Industry leaders warned that regulatory and legislative measures currently under consideration could have a devastating impact on freight transportation providers, further compounding the supply chain crisis.
Last month, ATA issued a statement against the pending emergency temporary standard from the Occupational Safety and Health Administration (OSHA) requiring COVID vaccinations for workers at companies above the 100-employee threshold.
Spear said many unvaccinated truck drivers that fall under OSHA’s proposal have responded that they would leave an employer if they were ordered to be vaccinated. “It would devastate our ability to move not just milk, eggs, bread and fuel, but also [personal protective equipment] and the vaccine itself,” he said. "The proposal is trying to solve a problem, and in doing so it is actually making it worse.”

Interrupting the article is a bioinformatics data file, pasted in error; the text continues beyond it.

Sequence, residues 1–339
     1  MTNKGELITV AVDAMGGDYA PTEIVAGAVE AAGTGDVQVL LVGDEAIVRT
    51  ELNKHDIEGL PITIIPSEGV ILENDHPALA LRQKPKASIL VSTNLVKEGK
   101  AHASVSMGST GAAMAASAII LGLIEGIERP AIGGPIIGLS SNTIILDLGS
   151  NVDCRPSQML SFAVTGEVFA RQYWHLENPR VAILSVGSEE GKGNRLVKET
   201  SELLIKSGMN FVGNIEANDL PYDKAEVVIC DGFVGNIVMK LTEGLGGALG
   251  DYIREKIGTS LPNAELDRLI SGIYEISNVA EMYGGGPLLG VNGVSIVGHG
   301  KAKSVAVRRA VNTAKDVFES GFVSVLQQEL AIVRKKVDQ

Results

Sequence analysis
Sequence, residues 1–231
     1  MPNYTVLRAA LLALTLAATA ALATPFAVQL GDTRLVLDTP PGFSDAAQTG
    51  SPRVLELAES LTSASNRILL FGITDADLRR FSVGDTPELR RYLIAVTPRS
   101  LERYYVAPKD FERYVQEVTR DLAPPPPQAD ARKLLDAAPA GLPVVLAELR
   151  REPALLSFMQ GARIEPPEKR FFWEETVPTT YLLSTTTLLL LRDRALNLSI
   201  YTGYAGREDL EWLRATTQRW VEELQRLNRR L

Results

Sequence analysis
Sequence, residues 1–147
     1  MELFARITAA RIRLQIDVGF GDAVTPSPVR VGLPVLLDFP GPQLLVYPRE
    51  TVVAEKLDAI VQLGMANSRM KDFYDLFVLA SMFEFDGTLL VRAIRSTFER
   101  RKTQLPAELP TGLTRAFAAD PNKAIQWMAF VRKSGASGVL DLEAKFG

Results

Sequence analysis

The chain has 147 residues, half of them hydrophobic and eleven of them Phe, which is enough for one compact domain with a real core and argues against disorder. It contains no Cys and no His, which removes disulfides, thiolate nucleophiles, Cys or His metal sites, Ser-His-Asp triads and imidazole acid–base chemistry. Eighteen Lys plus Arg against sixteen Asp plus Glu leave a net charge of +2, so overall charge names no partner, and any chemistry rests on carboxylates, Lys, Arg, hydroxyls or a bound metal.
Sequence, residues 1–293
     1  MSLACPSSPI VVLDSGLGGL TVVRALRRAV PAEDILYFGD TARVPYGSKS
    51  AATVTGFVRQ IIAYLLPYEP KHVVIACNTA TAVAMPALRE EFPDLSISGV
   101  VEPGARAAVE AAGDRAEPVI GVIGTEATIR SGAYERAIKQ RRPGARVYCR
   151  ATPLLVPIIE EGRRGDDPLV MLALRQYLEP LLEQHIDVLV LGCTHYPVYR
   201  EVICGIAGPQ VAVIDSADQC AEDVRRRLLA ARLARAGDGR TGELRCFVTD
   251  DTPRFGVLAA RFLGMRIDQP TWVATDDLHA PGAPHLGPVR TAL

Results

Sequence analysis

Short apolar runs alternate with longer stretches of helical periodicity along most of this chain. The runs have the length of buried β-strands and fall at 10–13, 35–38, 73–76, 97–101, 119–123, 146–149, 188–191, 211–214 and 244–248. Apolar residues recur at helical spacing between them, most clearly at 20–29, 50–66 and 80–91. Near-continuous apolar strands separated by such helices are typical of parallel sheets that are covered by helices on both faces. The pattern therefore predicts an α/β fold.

Ocean carriers are under fire from the Ocean Shippers Reform Act of 2021, a House proposal introduced earlier this year that Butler said was designed not to combat congestion but to address demurrage issues. He said it also would create a role for the federal government to interfere with shipping operations.
“It really puts the Federal Maritime Commission into an operational role in telling carriers what to put on the ship and when,” said Butler. “There is no way the federal government has the expertise or the people to do that. With all due respect, our industry knows how to load ships and move cargo, and to stick the FMC in the middle of that isn’t going to make things better. It will make them worse.”
Jefferies echoed sentiments from Spear and Butler. “Government intervention and regulatory intervention in the midst of crisis can be extremely damaging and shortsighted,” he said. “I really caution policymakers and the administration to refrain from the knee-jerk need to issue an emergency order here or regulation there, likely causing more harm than helping the system overall.”